Schuylkill watershed

Out to Pasture: Philly Tours Farms Protecting Our Source Water

 Philadelphia Water toured Berks Co. farms on Friday, November 7 with Berks Nature. Credit: Brian Rademaekers/Philadelphia Water

KEMPTON, PA Pointing to a towering, soggy heap of what he calls "slop," Larry Lloyd traces with his finger a stream of water running from the base of a manure pile to a small drainage pipe that connects to an adjacent creek.

Nearby, rows of cows and calves calmly and mechanically chew hay. Without much noticing it, they are simultaneously creating what seems to be an endless supply of fresh manure for farmers to stack into yet more heaps. It’s hay in one end, water-polluting manure out the other.

And it never stops.

"This is what we’re up against," says Lloyd, a lanky, weather-tanned man in his 60s who sports a baseball cap and a pair of boots well-suited for his manure-rich job— getting local farmers to adopt smart runoff management practices.

Join the Schuylkill Scrub!

Visit the Schuylkill River in the warmer months and you will find it teeming with life, both in the water and along its banks. It is hard to imagine that this scenic river, which provides drinking water to over 1.5 million people (that’s 12 out of every 100 Pennsylvanians!), was once considered the dirtiest river in the country.  The Schuylkill has come a long way and today boasts one quarter of the watershed designated as high quality or exceptional waters. But it still needs your help… and now is the time to do it—join the Schuylkill Scrub!

The Schuylkill Scrub, coordinated by the Schuylkill Action Network, is an annual clean-up initiative that happens every spring. This year’s Scrub started at the beginning of March and runs through May 31, so there’s still time to organize and register a clean-up event in you part of the watershed (or find one that already exists). You’ll be working alongside other partners and concerned citizens to clean as many miles of road, stream and parkland within the watershed. This coordinated effort will help keep our land and water litter-free (which is a good thing, remember, people drink that water).

The Schuylkill Scrub is now part of the Great American Cleanup of PA, so you’ll be part of a larger effort to clean and beautify our entire state and your cleanup can get free supplies like trash bags, gloves and vests, provided through Keep PA Beautiful and PennDOT. Additionally, during the Pick It Up PA Days, which is from April 11th to May 4th, registered events will have access to reduced or free trash disposal.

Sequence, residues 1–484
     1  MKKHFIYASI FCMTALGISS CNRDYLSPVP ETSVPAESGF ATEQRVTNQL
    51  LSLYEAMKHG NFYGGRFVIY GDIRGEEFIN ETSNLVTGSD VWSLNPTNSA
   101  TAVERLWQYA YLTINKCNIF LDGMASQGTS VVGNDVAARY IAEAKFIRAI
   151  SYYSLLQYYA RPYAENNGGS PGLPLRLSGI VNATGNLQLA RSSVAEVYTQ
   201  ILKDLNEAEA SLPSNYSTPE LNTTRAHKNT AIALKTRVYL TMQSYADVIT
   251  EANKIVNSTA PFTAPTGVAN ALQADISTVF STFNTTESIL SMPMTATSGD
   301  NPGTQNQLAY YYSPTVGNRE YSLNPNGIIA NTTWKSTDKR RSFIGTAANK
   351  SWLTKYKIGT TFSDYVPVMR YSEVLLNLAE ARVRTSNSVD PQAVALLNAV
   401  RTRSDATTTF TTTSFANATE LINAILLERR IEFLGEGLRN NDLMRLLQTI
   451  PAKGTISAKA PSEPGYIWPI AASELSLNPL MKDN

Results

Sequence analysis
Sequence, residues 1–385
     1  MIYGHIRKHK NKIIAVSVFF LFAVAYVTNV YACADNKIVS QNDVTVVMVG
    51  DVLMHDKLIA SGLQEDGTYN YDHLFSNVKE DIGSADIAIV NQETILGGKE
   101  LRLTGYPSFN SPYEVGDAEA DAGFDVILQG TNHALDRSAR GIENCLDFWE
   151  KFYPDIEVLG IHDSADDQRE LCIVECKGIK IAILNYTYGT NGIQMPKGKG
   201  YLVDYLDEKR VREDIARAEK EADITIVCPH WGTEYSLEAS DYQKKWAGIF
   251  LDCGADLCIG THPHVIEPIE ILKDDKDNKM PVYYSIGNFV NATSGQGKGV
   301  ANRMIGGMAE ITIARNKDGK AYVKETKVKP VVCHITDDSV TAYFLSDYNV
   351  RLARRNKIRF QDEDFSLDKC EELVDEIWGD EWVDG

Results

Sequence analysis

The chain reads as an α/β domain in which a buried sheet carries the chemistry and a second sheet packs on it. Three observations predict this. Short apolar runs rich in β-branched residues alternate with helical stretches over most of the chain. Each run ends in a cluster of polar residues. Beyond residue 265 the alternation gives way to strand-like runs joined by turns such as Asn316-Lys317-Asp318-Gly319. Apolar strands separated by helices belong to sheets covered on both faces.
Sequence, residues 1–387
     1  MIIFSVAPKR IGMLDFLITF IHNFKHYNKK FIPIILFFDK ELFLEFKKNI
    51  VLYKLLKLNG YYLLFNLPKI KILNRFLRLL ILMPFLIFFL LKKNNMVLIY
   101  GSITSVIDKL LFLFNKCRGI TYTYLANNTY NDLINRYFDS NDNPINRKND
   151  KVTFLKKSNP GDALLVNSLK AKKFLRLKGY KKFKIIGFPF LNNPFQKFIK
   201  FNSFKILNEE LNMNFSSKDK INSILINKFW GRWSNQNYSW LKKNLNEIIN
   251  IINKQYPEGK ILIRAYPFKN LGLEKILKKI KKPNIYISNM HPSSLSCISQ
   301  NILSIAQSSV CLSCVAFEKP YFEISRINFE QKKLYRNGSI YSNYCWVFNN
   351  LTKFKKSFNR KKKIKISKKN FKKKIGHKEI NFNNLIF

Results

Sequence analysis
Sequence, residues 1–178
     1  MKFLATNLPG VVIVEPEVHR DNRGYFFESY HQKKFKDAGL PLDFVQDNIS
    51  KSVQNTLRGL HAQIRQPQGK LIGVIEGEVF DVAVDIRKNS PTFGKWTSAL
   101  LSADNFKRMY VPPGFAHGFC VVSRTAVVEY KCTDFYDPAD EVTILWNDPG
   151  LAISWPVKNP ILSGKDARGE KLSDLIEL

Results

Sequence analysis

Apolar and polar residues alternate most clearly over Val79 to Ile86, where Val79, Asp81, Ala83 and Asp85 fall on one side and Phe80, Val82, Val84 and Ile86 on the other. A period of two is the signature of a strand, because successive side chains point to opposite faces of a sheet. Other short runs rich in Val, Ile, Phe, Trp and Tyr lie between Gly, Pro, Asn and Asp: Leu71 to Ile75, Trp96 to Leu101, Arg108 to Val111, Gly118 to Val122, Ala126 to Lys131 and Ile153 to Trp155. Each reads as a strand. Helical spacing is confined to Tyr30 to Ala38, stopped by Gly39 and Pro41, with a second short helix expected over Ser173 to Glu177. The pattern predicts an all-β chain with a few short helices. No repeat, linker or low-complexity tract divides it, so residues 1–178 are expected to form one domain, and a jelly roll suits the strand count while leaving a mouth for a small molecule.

Last year, Keep America Beautiful logged over 52,000 volunteers who removed 1,300 tons of trash in over 1,200 neighborhoods in the five counties surrounding the Schuylkill River! Help make this year a success by signing up today and know that you‘re part of the effort to keep trash out of the Schuylkill, from the headwaters in Schuylkill County down to its confluence with the Delaware River in Philadelphia.

Click here for more information and to register your cleanup: http://www.schuylkillscrub.org/

If you don’t have time to organize your own cleanup, there may be one happening in your neighborhood already! Use this link to find existing cleanups http://www.schuylkillscrub.org/find-an-event.html.

Get Funding for Projects to Protect the Schuylkill River Watershed

Schuylkill River and Philadelphia skyline
Image courtesy of Ed Yakovich. 

PWD is one of several public and private funders of The Schuylkill River Restoration Fund

The Fund provides grants to government agencies and non-profit organizations for projects that improve the quality of water in the Schuylkill’s watershed. Since 2006, the Fund has collected more than $2 million and funded over 60 projects! Applications are now being accepted for the 2015 Schuylkill River Restoration Fund.

Does your community group, school or non-profit business have a project in the works that might qualify for funding? View the Fund guidelines here. And download the application here

Your organization may also qualify for a $4,000 Land Transaction Assistance Grant, which is intended to assist with transaction costs for permanent land protection projects (conservation easements, full fee acquisitions, donations). Download the Land Transaction Assistance Grant guidelines here.

While the grants also focus on agricultural pollution and abandoned mine drainage, here in Philadelphia, past recipients have used funding from the grants to pay for projects that manage stormwater run-off. 

In 2014 Grants totaling $337,465 were awarded to seven projects. Among them was a $37,961 award for a meadow at SDP’s Cook-Wissahickon School that resulted in 3,300 sq. ft. of new meadow installed and maintained, as well as an education for the neighbors in the difference between a meadow and an unkempt lawn

Want more information? Contact Tim Fenchel at tfenchel@schuylkillriver.org or call the Schuylkill River Heritage Area at 484-945-0200.

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